The trade unions FNV Education and Research and the Academic Union (VAWO) polled 1,110 university employees (both support staff and academic staff) about their experiences in the workplace. Close to half the respondents indicated that they observed, or have observed, a socially unsafe situation in their department – with people gossiping about colleagues or consciously withholding information, for example.
Four out of ten employees are also, or have also been, affected by a lack of social safety. Women more often than men: 44% vs 35% respectively. In many cases, this involves withholding information (44%), abuse of power (35%) and intimidation (34%) by a professor or superior. For example, one respondent writes: “My work was plagiarised by a prominent professor. I was told to keep my mouth shut or fear for my job.”
Nearly half of the respondents still don’t feel safe in their department. “A male colleague regularly comments on my body. I try to ignore him as much as possible,” notes one of the respondents. Employees who report that the situation has improved in their department say that this was mainly thanks to an intervention by senior staff, the arrival of a new manager or a different employment contract. For example, one respondent notes: “I have a permanent position now, which has resolved most of the power imbalance.”
The factor that is most frequently identified as contributing to a socially unsafe work environment is poor leadership (73%). Older employees in particular experience this as a problem. Other factors that play a major role according to the respondents are the hierarchical culture (49%) and the strong pressure of work (43%).
Trade unions FNV and VAWO call the results “shocking”. They call on universities to appoint an external, independent complaints committee, as well as an ombudsperson. FNV board member Jan Boersma: “Right now, the universities only have internal complaints committees, while the national complaints committee for the education sector does not extend to universities. The results of our survey show that it’s high time for an external, independent committee.”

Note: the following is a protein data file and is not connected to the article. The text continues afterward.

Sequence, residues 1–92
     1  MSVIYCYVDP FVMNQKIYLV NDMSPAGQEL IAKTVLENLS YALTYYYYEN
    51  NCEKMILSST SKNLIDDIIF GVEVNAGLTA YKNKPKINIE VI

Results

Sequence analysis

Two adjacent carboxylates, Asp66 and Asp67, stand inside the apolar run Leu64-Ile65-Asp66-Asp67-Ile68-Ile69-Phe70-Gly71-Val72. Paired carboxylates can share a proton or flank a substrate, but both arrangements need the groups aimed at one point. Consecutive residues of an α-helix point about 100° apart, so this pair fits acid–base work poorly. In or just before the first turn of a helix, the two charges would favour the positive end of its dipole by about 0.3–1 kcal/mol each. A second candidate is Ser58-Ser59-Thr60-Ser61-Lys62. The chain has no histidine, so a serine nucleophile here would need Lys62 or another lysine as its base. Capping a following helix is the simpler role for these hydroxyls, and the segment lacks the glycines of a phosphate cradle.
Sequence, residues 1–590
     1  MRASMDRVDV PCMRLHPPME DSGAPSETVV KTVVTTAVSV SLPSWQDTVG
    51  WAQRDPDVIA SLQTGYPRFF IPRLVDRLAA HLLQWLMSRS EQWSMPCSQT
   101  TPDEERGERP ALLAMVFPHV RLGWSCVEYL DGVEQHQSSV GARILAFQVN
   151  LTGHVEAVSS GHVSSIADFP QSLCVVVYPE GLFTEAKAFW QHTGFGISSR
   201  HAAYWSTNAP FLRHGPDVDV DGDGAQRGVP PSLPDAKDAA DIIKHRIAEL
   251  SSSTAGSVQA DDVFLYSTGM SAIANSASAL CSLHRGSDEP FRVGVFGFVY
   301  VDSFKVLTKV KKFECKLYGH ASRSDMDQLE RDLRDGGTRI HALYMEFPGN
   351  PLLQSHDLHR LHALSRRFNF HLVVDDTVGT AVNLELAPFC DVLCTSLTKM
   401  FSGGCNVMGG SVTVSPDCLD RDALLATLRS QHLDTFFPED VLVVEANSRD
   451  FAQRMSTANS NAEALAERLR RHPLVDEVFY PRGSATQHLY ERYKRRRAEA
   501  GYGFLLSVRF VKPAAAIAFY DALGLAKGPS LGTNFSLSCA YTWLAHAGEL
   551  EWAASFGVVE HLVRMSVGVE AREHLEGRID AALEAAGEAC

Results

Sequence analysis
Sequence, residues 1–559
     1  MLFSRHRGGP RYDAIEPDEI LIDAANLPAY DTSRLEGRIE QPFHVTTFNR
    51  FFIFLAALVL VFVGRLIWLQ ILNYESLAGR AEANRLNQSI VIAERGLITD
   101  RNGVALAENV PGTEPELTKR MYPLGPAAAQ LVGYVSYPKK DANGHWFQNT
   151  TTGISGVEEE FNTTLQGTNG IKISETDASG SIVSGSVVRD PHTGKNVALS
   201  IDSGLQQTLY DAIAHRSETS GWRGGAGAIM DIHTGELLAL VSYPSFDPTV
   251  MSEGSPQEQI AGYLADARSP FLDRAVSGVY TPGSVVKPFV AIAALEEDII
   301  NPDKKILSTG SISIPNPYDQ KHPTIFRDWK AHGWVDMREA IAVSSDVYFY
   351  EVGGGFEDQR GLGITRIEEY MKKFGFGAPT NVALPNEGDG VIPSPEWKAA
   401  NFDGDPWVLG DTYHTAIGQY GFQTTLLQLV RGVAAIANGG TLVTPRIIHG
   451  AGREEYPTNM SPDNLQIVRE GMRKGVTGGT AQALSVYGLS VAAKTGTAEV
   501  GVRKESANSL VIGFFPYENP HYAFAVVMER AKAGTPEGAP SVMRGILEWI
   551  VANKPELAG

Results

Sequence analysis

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The Dutch network of Women Professors (LNVH) also published a study dealing with misconduct and intimidation today. LNVH calls it an “unpleasant truth” that this kind of thing also occurs in Dutch academia. The problems are caused by cultural and structural factors and can potentially have disastrous consequences.
The study is based on 20 in-depth interviews with women academics and 33 written testimonies about people’s personal experiences with harassment. In the study, the researchers have distinguished the following forms of harassment: obstruction of research activities, sexual intimidation, physical and verbal threats, verbal abuse, exclusion and treating special requirements as a problematic issue.
The extremely hierarchical character of the academic sector, the highly competitive and individualistic culture, the inadequate response to cases of harassment and the – voluntary or involuntary – silence of the victims all conspire to create an environment in which misconduct and intimidation can thrive and are often not, or hardly, addressed.
The report is explicitly intended as a starting signal for a broader study. LNHV calls on universities and other research institutes to adopt an explicit zero tolerance policy and ensure that procedures for addressing cases of harassment are accessible, transparent and effective. All in all, it is hoped this will lead to a change of culture within academia.
The Association of Universities in the Netherlands (VSNU) takes these alerts and the associated recommendations “very seriously” says VSNU President Pieter Duisenberg. “Universities need to form a safe environment for staff members, where every form of improper behaviour is considered unacceptable.”